TWO ARTISTS PRESENTING WORKS OF NOSTALGIA AND REFLECTION, OPENING OUR EYES TO THE FUTURE AT GREENHILL
(GREENSBORO, NC) Two Artists | One Space opens at GreenHill on February 1. In GreenHill’s gallery, concurrent one-person exhibitions by Cathy McLaurin and Dane Winkler ask us to question “what is authentic?” Both artists are excavators who mine the often overlooked histories of areas where the economic train has moved on and who uncover repositories of heritage, history, and value.
In their work, McLaurin and Winkler investigate losses to communities and their transformations of economies and cultures, with works responding to a sense belonging as well as displacement. McLaurin’s multi-media projects are rooted in archival research, utilizing video interviews, photographs, and collections of objects. She will present two installations at GreenHill, The North Wind and the Sun and The Reverend, His Lover, Their Monet and the Museum, with one focusing on the history of the poultry processing plant in Siler City, and the other looking at the town of Lawrence, cities that have undergone immense economic and cultural changes.
The North Wind and the Sun, an ongoing project that began in 2011, was initiated by the dramatic history of the Townsend poultry processing plant in the artist’s hometown of Siler City. In the 1980’s the plant hired Mexican, El Salvadoran and Guatemalan workers that led David Duke to rally Ku Klux Klan members on the steps of the Town Hall. McLaurin depicts this culture clash in a monumental collaged map. Through “unearthing hidden or unspoken knowledge of a place” questions are raised, and like a good whodunit, the answers lead the artist and viewers far beyond the initial premise. McLaurin says, “Mining my personal history and that of my chicken-farming family is a method of engaging with and reacting to an industry in order to peel back its veneer, revealing networks, power, desire, and histories that combine with historical and contemporary issues of race, immigration, and agribusiness.”
In her newest work, The Reverend, His Lover, Their Monet and The Museum, McLaurin looks at another town in the throes of transition – Lawrence, Massachusetts where she has run a non-profit art center for the past decade. Lawrence is one of the poorest cities of its size in the country with an over 95% immigrant population.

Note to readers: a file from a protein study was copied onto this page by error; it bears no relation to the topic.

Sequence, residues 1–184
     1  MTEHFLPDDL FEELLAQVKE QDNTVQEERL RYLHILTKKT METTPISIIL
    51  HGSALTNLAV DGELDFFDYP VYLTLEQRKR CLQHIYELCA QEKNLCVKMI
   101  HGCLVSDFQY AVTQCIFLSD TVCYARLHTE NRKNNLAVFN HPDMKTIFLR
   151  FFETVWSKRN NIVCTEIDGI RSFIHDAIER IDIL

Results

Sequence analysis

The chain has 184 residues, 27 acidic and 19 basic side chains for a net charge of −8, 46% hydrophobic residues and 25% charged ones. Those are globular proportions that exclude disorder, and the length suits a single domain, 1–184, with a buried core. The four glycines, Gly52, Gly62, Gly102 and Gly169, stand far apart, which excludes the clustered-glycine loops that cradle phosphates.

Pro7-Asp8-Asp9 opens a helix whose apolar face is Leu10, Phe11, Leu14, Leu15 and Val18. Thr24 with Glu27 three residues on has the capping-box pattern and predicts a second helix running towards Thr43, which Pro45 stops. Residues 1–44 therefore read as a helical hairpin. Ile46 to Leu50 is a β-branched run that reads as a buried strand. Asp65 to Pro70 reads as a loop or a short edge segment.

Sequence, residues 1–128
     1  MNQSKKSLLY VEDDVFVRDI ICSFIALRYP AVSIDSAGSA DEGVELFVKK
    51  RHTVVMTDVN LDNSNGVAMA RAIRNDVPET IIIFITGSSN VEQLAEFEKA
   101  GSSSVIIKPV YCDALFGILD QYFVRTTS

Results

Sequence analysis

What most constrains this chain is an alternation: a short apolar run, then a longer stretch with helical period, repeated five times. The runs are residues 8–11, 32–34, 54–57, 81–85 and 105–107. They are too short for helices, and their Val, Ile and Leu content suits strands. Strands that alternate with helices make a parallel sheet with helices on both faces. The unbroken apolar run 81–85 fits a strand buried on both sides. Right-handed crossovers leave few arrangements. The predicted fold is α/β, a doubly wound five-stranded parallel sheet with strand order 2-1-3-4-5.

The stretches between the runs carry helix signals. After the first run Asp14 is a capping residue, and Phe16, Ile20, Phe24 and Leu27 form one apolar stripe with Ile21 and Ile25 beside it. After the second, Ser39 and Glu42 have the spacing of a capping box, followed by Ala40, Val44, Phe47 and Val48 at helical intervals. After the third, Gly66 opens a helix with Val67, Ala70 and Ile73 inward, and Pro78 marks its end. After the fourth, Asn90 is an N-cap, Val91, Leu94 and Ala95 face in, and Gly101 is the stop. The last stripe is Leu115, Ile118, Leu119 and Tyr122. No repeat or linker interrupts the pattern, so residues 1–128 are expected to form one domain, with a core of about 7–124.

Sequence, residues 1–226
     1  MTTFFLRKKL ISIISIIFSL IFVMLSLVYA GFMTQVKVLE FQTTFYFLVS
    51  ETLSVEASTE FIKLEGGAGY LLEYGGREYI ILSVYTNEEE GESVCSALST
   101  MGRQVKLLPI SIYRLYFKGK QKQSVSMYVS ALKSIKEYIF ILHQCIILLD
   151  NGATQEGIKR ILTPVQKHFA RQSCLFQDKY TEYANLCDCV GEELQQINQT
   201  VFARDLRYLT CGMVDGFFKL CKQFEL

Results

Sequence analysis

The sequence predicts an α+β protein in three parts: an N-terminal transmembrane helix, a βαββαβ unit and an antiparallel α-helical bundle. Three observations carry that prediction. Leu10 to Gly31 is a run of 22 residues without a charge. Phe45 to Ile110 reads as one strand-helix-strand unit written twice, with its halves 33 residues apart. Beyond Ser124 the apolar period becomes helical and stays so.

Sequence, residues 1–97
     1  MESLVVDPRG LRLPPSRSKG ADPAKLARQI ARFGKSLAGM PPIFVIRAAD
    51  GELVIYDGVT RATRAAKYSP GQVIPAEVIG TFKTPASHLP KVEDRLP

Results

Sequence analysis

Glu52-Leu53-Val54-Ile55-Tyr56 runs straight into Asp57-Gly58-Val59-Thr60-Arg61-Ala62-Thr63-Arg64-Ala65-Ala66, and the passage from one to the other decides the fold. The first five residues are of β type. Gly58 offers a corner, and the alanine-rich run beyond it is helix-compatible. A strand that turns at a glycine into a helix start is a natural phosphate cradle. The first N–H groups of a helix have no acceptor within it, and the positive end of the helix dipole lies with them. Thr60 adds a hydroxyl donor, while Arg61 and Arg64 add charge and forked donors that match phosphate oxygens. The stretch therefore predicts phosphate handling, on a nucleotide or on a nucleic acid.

The story of Reverend William Edgar Wolcott who lived in Lawrence during the heyday of its textile industry immediately intrigued McLaurin. In 1911 Wolcott donated his art collection, including paintings by Monet and Pissarro, to the growing community he believed would soon rival Boston. While Lawrence’s economy declined after the war due to the relocation of cotton mills to the South, the value of the 17 paintings in the collection continued to rise, today worth an estimated $20 million. Without a museum in Lawrence to house them, the paintings have resided in the Museum of Fine Arts in Boston for over a century.
McLaurin worked with carpenter/artist Kai Vlahos to create a mini-museum. This hand-crafted moveable cabinet is 10 feet long, 26 inches tall and 40 inches deep, with 17 small-scale commissioned reproductions of Wolcott’s collection. Included is also a marionette puppet in the likeness of Wolcott. This recent work considers art as currency and asks questions, such as: When does art gain value? What value? Whose values? Writer Louisa McCall states: “Platforms for discourse and engagement are critical in Lawrence, as in many American cities, all of which are undergoing profound transformations due to the global economy, the rise of immigrant labor and entrepreneurship, climate-change migration, social media and political turmoil. McLaurin is offering us an opportunity to interrogate this change through the lens of a controversial painting collection, to question concepts and values concerning the collection and to encourage people to understand those who think differently from them.”
Dane Winkler’s monumental sculptural installations reflect the transformations to post-industrial rural and small-town life that often have taken the form of a narrative of loss.